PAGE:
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The wind-driven snow was no longer an icy scourge against her cheeks, but the gentle caress of a lover. Her arms and legs felt warmer, and that hot jolt of agony she’d experienced with every step had diminished too. Oh, God, did that mean she was freezing to death?
The fear of death brought her an agony worse than the physical torment of the extreme cold and deep exhaustion of her trek. She shook her head in a childish gesture of negation: How stupid of her even to entertain such a question. Of course she wasn’t freezing. She’d almost reached the foothills of this horror of a mountain, and the flickering lights below were no figment of an imagination about to be extinguished! Those lights should be coming from the village she was looking for, the village she remembered from the map she’d studied until every line, every squiggle, had been burned into memory.
She couldn’t give up now that she was almost safe. She’d known it wouldn’t be easy. She’d chosen to make her escape over the mountain instead of along the more civilized valley road, in the hope that Danilov would think it unlikely she’d choose such a difficult and dangerous route and would explore the more simple avenues first. But she hadn’t bargained on the snowstorm that had struck just as she’d crested the summit of the mountain.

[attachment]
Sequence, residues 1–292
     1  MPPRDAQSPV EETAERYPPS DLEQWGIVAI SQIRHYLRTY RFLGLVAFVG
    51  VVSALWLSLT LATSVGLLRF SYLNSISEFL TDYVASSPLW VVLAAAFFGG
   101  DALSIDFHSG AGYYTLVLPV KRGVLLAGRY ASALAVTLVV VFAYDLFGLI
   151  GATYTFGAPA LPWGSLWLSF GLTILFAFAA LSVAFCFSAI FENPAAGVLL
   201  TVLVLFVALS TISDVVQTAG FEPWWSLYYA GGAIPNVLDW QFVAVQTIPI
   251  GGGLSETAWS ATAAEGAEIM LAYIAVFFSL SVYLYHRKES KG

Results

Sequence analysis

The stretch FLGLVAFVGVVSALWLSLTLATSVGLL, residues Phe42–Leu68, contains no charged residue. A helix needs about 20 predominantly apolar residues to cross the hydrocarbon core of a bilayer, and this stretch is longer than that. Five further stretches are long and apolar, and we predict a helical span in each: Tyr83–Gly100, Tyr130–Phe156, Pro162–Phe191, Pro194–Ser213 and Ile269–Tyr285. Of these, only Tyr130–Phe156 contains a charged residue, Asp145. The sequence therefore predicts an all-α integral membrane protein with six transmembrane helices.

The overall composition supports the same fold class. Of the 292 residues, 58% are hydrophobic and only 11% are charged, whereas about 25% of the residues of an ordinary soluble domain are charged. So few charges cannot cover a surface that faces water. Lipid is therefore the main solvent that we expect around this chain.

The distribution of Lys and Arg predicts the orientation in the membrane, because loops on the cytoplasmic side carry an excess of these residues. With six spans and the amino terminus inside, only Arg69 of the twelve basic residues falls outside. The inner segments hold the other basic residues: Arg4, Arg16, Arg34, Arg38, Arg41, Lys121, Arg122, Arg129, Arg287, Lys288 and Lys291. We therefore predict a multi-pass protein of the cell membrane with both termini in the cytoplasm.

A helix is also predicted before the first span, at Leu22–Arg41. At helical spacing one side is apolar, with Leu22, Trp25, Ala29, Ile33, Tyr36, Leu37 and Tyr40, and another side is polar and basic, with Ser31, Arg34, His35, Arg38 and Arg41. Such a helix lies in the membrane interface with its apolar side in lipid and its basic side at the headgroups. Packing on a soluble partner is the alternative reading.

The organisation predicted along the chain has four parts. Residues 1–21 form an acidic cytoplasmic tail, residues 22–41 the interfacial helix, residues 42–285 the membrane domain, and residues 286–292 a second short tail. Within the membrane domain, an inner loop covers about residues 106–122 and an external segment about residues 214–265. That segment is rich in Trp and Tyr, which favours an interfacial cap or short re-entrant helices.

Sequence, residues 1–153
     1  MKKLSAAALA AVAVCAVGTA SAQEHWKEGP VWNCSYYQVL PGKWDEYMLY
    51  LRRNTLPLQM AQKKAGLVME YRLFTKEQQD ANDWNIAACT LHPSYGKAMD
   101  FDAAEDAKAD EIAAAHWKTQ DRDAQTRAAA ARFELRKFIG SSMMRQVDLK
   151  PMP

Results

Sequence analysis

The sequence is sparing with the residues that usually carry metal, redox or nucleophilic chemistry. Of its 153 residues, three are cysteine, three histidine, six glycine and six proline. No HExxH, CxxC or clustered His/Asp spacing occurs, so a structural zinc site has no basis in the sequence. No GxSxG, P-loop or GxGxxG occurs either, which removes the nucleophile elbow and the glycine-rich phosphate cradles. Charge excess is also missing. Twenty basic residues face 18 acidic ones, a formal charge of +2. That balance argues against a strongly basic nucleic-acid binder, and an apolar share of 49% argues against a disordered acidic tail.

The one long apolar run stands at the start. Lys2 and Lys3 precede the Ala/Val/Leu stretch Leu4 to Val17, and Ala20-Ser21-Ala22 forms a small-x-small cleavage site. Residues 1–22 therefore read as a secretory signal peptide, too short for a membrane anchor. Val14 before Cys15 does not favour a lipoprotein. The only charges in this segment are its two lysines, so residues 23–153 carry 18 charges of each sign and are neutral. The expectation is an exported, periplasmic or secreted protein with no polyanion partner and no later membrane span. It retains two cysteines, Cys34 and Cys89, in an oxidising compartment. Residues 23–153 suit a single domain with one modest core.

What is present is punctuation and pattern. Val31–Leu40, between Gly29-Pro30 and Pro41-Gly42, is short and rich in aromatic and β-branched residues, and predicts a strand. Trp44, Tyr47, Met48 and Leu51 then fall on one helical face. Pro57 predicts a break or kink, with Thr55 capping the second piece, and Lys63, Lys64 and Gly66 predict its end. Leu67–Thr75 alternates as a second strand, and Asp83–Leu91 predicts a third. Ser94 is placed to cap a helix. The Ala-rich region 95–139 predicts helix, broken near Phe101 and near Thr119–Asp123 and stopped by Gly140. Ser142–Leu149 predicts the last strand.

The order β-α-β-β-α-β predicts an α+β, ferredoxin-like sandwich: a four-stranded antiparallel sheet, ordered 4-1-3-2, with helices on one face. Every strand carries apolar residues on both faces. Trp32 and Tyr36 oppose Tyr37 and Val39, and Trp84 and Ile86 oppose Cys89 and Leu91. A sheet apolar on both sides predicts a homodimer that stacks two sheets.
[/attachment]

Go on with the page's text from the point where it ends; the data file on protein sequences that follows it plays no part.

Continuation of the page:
Well, ironically, there was no question she was safe from Danilov now, she realized. Even he wouldn’t venture into the Andes in a snowstorm to capture his runaway prima ballerina. Undoubtedly he’d prefer to have her caught and sent back to Russia to be imprisoned in the Lubyanka as an example to other would-be defectors. Still, she reasoned, her death on this awesome mountain would suit Danilov’s purposes almost as well. Collectively and individually the dancers in the company had been warned that there would be no Baryshnikovs or Godunovs defecting to the West on this tour and further tarnishing the image of the Cultural Department.
Her feet were so numb now that it was as if they didn’t exist, but she could see a trickle of blood oozing from the torn foam rubber of her left shoe. She supposed she’d better stop and wrap something around it. If only it had been safe to bribe one of the servants at the lake resort, where the company had been resting before moving on to Santiago, to buy her a pair of hiking boots. But Danilov surely would have learned of the purchase and guessed her plan. The sharp rocks and rough trail had ripped the soles of her shoes before she was even halfway up the mountain. Now, pain shooting from her lacerated feet up through her legs and into her belly and back, she wondered if avoiding the risk of getting the boots had been worth the price of fleeing without them.